Tandem Design

Belfast Music Hoarding

Outdoor Interpretation

Belfast Music Hoarding

Belfast City Council, Belfast Music Story Project

 
Traditional music has become a strong symbol of identity for locals and visitors alike.
 

As part of the Belfast Music Story project, Tandem were commissioned by Belfast City Council to design music hoarding which responds to two elements of Belfast’s music history; Traditional Music & Punk Music. 

Traditional music has a long history within the city, dating back to events such as the Harper’s Music Festival of 1792. Over time, this genre of music has become a strong symbol of identity for locals and visitors alike.

To help develop our initial concepts into tangible designs, we commissioned an illustrator to work closely with us to create a vibrant and lively image.

The final illustrated hoarding hints at the the historic cityscape of Belfast — recognisable features of city hall, bricks and cobbles, gas lamps and the lively pub scene that we peer into from the street, all come together to form a picture of Belfast. Oversized instruments sit comfortably alongside illustrated musicians, alluding to the traditional genre of music.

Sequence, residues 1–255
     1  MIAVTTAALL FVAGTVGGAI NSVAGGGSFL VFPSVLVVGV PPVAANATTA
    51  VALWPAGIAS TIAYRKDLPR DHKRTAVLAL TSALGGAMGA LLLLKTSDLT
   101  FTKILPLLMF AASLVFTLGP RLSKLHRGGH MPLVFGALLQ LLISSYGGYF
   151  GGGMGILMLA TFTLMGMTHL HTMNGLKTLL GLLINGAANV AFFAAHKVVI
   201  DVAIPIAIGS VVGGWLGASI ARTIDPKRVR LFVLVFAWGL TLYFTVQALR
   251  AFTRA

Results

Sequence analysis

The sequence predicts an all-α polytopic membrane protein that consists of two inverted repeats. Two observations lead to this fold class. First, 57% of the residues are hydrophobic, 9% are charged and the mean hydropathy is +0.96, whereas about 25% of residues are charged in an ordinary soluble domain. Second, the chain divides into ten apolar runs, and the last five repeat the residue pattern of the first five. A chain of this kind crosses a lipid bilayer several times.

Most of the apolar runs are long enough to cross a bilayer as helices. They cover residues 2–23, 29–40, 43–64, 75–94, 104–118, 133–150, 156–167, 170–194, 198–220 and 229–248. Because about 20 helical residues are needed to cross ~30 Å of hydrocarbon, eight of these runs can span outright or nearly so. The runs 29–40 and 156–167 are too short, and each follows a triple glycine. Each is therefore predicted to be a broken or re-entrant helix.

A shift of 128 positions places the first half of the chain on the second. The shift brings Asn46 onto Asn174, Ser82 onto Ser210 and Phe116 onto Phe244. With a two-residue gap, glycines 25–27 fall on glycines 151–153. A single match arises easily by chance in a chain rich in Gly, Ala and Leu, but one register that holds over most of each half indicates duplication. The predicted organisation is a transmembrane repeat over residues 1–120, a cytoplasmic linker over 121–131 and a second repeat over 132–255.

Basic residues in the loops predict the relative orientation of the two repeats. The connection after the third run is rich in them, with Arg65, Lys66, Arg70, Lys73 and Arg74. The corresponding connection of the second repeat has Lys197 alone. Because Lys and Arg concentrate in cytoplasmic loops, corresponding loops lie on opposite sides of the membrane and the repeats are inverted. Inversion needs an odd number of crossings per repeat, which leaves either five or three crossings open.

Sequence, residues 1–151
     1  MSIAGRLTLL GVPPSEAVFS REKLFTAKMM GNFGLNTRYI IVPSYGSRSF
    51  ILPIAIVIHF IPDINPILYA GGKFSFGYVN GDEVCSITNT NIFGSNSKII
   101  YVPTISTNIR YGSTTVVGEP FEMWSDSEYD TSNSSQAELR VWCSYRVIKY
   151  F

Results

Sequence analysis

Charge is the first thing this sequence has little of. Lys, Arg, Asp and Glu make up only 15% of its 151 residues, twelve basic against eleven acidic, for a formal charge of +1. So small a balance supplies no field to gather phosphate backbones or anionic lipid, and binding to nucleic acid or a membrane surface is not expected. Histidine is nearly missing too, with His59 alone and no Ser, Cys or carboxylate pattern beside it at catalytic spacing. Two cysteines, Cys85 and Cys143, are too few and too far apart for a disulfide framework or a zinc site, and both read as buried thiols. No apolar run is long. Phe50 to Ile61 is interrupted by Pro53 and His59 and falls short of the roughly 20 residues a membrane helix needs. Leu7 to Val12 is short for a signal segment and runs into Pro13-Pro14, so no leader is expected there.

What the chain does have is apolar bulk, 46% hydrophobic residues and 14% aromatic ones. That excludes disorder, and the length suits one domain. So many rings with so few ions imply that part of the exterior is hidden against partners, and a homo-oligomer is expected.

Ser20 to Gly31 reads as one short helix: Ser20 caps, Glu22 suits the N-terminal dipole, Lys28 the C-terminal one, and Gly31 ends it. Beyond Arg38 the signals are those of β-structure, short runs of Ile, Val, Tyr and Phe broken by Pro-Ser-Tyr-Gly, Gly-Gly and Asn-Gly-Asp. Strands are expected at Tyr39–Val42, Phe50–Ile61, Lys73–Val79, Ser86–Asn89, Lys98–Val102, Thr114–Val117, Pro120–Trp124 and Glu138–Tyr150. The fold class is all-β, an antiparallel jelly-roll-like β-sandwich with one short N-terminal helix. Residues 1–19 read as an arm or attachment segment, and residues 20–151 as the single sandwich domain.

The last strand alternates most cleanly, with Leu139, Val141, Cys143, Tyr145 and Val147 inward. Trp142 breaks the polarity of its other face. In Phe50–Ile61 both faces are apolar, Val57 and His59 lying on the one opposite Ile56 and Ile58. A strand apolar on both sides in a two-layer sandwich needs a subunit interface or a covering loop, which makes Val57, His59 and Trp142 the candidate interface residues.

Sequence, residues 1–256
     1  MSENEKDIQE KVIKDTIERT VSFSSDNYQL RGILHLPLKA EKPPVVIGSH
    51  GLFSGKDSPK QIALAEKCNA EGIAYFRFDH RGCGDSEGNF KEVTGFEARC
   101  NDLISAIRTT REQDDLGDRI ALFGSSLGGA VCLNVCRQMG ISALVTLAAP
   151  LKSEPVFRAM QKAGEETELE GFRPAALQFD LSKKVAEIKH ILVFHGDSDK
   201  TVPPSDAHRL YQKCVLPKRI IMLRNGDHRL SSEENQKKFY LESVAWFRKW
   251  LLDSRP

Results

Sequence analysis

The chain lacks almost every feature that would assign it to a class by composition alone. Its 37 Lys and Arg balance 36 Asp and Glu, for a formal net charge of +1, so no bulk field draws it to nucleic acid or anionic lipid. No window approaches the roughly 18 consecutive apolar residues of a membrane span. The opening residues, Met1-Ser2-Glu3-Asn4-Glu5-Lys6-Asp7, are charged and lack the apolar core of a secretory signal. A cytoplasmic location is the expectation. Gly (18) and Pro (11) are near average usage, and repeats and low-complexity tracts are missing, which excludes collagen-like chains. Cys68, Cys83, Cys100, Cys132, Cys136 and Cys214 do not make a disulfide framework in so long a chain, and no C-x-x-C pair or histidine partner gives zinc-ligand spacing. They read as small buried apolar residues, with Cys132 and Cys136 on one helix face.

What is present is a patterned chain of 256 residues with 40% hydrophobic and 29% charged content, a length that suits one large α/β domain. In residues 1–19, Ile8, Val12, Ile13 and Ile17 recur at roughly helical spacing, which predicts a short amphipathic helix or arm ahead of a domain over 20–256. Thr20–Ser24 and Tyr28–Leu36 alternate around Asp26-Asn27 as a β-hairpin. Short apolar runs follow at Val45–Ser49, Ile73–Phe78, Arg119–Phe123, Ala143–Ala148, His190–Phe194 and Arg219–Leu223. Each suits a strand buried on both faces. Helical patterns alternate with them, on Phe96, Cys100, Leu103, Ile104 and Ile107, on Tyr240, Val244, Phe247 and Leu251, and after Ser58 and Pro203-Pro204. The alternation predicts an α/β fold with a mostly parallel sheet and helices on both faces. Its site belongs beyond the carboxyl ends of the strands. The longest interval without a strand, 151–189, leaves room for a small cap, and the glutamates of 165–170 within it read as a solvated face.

Perhaps most importantly, this contemporary street art, reflects the vibrancy of Belfast today, while alluding to its heritage of traditional music.



Turning our attention to the Punk theme, our interpretive team made contact with the Oh Yeah Music Centre in Belfast and made contact with a variety of locals directly linked to the punk era, to source potential imagery and content. Using this wealth of image research, we adopted a graphic approach not unlike that of the punk era.

Graphics include concert tickets, button badges and zine covers, all taken from originals of the Punk movement in Belfast. We utilised quotes and lyrics, to reiterate the original message of punk. To engage the passer-by, and create a point for conversation, we developed a photo opportunity within the hoarding — the outline of a stage and band is illustrated using brightly coloured hairstyles and instruments, encouraging people to interact with the display. 

The installation of the graphics will taken on original techniques such as flyposting and spray painting, to enhance the authenticity of the hoarding, helping it to blend into the fabric of the city.

The punk hoarding is due to be displayed later this year. 


Traditional music has a long history within the city, dating back to events such as the Harper’s Music
Festival of 1792!